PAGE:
DETROIT — The once staunchly anti-union Magna International Inc. plans to include the UAW in its efforts to make peace with labor. But it wants a no-strike pledge that may be hard to sell to the rank and file.
Magna President Mark Hogan said last week that the giant parts supplier is open to offering the same olive branch to the UAW that it extended last month to the Canadian Auto Workers.
Talks are expected to resume with the UAW once the union has completed its negotiations with Ford Motor Co., he said.
"Once the negotiations with Ford are done, undoubtedly there will be further discussions," Hogan said.
The landmark deal with the CAW ends years of adversarial relations between Magna and the union. Magna will permit CAW organizing in its Canadian plants.
In exchange, Magna receives a no-strike pledge and flexible work rules consistent with Magna's entrepreneurial factory culture. All unresolved bargaining issues are subject to binding arbitration.
It was hammered out in two years of negotiations initiated by Magna Chairman Frank Stronach.
The no-strike provision may be a sticking point with the UAW, though. Eldon Renaud, president of UAW Local 2164 in Bowling Green, Ky., said the UAW is heartened by Magna's new stance toward the union. But the UAW isn't willing to give up the right to strike, he said.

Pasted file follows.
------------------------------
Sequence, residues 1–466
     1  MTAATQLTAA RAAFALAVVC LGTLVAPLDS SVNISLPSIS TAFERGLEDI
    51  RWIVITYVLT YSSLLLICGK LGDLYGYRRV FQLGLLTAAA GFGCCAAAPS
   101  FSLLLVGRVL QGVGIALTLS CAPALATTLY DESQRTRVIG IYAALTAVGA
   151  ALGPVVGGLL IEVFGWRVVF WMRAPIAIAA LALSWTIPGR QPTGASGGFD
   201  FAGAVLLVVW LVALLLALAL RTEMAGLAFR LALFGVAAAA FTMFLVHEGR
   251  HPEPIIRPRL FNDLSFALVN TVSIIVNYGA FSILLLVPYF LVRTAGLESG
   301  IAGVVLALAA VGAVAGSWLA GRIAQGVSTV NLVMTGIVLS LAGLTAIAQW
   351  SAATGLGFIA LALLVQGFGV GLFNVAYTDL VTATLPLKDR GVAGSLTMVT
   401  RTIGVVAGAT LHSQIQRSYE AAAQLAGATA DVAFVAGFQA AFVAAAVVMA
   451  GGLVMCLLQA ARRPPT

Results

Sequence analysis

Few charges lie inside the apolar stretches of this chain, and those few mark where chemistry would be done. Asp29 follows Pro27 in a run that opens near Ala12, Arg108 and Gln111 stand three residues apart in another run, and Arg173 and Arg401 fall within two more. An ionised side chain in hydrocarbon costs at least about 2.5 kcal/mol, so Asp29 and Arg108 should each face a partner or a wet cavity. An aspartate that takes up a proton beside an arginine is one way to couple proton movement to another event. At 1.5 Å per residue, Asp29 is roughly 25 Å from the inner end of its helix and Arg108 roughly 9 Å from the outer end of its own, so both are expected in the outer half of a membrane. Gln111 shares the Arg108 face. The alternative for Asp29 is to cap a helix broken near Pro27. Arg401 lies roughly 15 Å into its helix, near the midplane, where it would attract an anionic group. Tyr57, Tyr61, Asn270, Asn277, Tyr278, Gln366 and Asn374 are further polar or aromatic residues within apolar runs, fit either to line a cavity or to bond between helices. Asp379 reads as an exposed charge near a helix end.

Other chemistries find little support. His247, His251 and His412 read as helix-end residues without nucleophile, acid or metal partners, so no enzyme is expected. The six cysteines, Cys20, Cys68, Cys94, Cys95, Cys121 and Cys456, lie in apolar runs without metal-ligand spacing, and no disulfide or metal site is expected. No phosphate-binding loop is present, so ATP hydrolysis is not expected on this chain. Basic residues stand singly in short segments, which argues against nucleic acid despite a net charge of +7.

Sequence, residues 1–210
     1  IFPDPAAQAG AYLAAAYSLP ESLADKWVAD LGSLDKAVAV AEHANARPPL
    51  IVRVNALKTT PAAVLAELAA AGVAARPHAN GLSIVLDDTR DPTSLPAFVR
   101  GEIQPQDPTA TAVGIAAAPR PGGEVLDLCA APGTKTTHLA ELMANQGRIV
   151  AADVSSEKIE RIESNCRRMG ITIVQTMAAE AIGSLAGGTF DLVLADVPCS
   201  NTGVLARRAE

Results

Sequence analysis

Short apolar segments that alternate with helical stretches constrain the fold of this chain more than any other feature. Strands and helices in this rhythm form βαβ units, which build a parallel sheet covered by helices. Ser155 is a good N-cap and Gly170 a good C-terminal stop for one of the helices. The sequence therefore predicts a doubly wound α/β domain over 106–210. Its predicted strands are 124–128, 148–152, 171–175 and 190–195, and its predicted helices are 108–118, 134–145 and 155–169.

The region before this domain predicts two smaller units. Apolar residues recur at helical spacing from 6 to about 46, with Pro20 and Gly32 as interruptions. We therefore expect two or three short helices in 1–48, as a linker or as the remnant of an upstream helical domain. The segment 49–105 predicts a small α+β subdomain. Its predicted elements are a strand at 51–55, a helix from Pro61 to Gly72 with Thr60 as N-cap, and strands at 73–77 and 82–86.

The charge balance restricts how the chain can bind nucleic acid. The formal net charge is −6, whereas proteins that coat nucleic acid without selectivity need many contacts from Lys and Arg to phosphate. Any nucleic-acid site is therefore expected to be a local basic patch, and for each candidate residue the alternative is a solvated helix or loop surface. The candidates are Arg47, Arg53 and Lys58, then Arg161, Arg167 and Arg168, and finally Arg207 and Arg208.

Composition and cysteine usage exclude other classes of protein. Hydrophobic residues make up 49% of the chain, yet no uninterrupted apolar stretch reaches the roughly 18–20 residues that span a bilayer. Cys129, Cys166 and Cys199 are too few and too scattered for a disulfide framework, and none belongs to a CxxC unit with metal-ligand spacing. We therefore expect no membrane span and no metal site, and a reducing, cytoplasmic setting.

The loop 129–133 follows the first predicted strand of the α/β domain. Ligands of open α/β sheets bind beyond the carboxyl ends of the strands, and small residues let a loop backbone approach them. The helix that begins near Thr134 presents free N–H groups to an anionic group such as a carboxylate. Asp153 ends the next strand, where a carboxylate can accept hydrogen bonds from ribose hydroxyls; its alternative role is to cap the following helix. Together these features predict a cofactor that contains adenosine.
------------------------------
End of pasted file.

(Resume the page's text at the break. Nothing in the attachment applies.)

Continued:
"We realize nobody gains in a strike," Renaud said. "But sometimes it's difficult to get people to the bargaining table."
UAW Local 2164 is trying to organize Magna's Cosma International plant in Bowling Green. The union has been passing out leaflets and holding organizing meetings for small groups of Cosma employees for about two months, Renaud said. The plant employs about 800 workers. It makes frames and engine cradles for Ford's two assembly plants in Louisville, Ky.
Only a handful of Magna's 52 U.S. plants and 19 product development sites have union representation.
The company has 18,050 U.S. employees.
Asked if Magna expects a no-strike pledge in return for ending years of hostility with the UAW, Hogan said, "I would think so. That is a key component of the CAW agreement."
Hogan said employees would decide whether they want a union on a plant-by-plant basis: "It ultimately has to be the decision of our employees."
Magna, of Aurora, Ontario, ranks No. 4 on the Automotive News list of the top 100 global suppliers with worldwide original-equipment automotive parts sales of $23.88 billion in 2006.